The die-in comes to Delaware with a message for justice [video]

 (Nichelle Polston/WHYY)

(Nichelle Polston/WHYY)

The chant of “Black Lives Matter” were heard throughout downtown Wilmington at the height of the Monday rush hour.

It was meant to send a powerful message in the City of Wilmington.


The grand jury verdict in two separate racially charged cases in Missouri and New York brought  hundreds of people in Delaware to join the same type of protest that brought thousands onto the streets of New York and Washington.  It’s a growing movement that echoes the same message ……. Black. Lives. Matter.

“We wanted to make sure we showed solidarity for what has taken place across the nation,” said Dr. Donald Morton who led Monday’s demonstration in Wilmington. Morton, associate pastor at Tabernacle Full Gospel Baptist Church was joined by local churches, residents and the Wilmington Peacekeepers.

The decisions not to indict officers in the chokehold death of Eric Garner in New York that was captured on video and the fatal shooting of Michael Brown in Ferguson, Mo. prompted the protest.

“We too have been affected by police brutality and violence against Black bodies locally,” Morton said.

Morton who supported Same Sex Marriage in Delaware is calling for a Civil Rights Commission in addition to the Human Rights Commission already established in Delaware.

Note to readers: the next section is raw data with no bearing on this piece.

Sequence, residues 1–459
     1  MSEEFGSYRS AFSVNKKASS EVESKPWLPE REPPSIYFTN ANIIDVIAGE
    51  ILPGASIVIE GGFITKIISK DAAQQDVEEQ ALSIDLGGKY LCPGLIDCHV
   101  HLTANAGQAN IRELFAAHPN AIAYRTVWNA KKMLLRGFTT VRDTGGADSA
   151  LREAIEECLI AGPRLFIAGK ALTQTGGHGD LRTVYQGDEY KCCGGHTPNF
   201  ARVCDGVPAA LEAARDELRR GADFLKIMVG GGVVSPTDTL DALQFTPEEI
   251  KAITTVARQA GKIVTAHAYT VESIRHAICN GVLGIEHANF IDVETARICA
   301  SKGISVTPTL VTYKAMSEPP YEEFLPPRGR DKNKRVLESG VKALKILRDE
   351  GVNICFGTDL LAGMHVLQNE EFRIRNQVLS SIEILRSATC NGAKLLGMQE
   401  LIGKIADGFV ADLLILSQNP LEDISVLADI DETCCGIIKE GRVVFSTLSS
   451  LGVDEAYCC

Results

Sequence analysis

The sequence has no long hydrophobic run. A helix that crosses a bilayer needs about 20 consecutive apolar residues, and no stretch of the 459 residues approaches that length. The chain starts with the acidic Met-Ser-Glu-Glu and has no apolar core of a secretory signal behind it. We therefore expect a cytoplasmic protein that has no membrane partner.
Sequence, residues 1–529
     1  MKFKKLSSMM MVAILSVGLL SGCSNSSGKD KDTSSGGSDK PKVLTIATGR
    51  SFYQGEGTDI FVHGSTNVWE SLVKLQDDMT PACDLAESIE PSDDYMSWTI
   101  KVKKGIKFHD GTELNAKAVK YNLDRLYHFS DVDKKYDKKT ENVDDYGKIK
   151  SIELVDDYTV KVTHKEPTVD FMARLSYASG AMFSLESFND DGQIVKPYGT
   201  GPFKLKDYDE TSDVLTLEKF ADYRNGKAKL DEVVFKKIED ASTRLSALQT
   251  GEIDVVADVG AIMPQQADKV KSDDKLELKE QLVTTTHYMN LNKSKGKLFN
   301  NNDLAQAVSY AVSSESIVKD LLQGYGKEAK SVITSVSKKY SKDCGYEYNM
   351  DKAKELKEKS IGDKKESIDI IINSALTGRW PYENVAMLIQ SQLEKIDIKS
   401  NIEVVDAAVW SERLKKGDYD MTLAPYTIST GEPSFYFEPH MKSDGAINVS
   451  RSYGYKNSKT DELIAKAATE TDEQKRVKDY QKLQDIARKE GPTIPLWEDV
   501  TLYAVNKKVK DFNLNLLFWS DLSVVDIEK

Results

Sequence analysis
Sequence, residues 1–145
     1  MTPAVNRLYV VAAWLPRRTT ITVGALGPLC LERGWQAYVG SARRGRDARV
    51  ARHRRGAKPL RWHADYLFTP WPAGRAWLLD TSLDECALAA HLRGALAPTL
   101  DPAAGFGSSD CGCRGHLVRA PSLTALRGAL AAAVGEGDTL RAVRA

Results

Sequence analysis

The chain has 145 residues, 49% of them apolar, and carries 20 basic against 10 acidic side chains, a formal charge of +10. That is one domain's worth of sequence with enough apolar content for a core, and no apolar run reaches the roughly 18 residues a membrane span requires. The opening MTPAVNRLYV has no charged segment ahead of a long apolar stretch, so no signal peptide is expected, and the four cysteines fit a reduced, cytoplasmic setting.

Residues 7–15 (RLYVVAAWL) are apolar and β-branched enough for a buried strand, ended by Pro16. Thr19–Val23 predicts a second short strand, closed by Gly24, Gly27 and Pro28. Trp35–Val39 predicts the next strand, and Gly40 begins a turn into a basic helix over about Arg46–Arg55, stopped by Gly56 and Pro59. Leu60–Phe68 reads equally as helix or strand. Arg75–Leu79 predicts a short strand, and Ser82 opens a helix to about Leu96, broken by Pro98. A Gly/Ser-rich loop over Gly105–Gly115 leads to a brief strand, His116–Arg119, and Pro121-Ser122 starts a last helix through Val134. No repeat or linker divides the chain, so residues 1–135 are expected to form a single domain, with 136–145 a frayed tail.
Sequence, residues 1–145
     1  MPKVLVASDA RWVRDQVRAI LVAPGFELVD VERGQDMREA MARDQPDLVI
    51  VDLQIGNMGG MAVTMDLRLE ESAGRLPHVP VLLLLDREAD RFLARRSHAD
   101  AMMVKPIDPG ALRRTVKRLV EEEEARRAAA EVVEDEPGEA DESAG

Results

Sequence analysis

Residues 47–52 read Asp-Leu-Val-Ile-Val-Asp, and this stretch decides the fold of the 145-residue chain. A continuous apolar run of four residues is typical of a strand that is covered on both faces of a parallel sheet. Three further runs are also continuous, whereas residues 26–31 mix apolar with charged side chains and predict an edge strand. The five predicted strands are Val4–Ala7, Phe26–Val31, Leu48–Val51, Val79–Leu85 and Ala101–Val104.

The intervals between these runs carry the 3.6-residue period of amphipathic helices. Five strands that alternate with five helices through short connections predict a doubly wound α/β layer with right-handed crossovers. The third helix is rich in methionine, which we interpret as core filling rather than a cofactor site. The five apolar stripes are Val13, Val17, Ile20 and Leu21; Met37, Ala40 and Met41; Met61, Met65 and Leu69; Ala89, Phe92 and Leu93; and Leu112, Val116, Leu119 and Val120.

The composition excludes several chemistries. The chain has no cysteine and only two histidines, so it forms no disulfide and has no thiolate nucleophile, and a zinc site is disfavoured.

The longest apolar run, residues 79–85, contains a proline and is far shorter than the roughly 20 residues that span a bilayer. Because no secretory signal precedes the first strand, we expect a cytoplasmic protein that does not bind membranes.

Nearly 300 protesters started at 8th and King Streets and marched down to the intersection of 4th and King Streets for the ‘Die-in’. Delaware protesters are questioning whether there is really any justice when it involves prosecuting law enforcement.

“I hope people hear our voices, and that Black lives matter. As a matter of fact, all lives matter, but I hope that they understand that we are not standing down. No Justice. No peace,” said LaSean Shelton who fears for her children’s safety.

Earlier this month, President Obama introduced a $263 million federal package to arm police officers with body cameras and sharpen law enforcement training. It’s all in an effort to not only help police departments strengthen their community relationships but improve accountability as well.

“At first I was optimistic about it but what we saw with Eric Garner, and it was a complete detailed video of it and nothing happened. I’m not as optimistic anymore,” Shelton said.

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